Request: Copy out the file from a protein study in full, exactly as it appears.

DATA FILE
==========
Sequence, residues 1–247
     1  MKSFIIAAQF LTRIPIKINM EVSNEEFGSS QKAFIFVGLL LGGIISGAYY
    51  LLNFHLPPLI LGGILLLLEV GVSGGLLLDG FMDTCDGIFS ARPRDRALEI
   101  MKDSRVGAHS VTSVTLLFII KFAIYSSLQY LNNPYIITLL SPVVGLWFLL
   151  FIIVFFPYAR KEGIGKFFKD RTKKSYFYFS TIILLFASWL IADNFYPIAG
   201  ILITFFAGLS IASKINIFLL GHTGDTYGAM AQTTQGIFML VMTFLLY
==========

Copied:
Sequence, residues 1–247
     1  MKSFIIAAQF LTRIPIKINM EVSNEEFGSS QKAFIFVGLL LGGIISGAYY
    51  LLNFHLPPLI LGGILLLLEV GVSGGLLLDG FMDTCDGIFS ARPRDRALEI
   101  MKDSRVGAHS VTSVTLLFII KFAIYSSLQY LNNPYIITLL SPVVGLWFLL
   151  FIIVFFPYAR KEGIGKFFKD RTKKSYFYFS TIILLFASWL IADNFYPIAG
   201  ILITFFAGLS IASKINIFLL GHTGDTYGAM AQTTQGIFML VMTFLLY